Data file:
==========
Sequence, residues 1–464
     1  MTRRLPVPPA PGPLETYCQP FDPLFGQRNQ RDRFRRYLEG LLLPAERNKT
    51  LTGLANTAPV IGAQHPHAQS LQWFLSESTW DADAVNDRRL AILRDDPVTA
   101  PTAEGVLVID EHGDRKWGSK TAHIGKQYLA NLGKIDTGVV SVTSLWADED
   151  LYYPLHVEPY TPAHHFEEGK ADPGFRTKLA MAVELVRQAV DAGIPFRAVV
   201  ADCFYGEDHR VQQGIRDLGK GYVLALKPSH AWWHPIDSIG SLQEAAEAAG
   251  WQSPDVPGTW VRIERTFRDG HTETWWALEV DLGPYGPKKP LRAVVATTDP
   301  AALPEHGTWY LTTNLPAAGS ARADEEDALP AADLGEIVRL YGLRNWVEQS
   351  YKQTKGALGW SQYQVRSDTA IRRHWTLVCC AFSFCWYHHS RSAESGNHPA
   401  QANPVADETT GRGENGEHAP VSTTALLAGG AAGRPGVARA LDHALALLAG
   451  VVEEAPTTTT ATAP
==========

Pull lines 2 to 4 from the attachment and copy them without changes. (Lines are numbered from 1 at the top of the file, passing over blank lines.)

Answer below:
     1  MTRRLPVPPA PGPLETYCQP FDPLFGQRNQ RDRFRRYLEG LLLPAERNKT
    51  LTGLANTAPV IGAQHPHAQS LQWFLSESTW DADAVNDRRL AILRDDPVTA
   101  PTAEGVLVID EHGDRKWGSK TAHIGKQYLA NLGKIDTGVV SVTSLWADED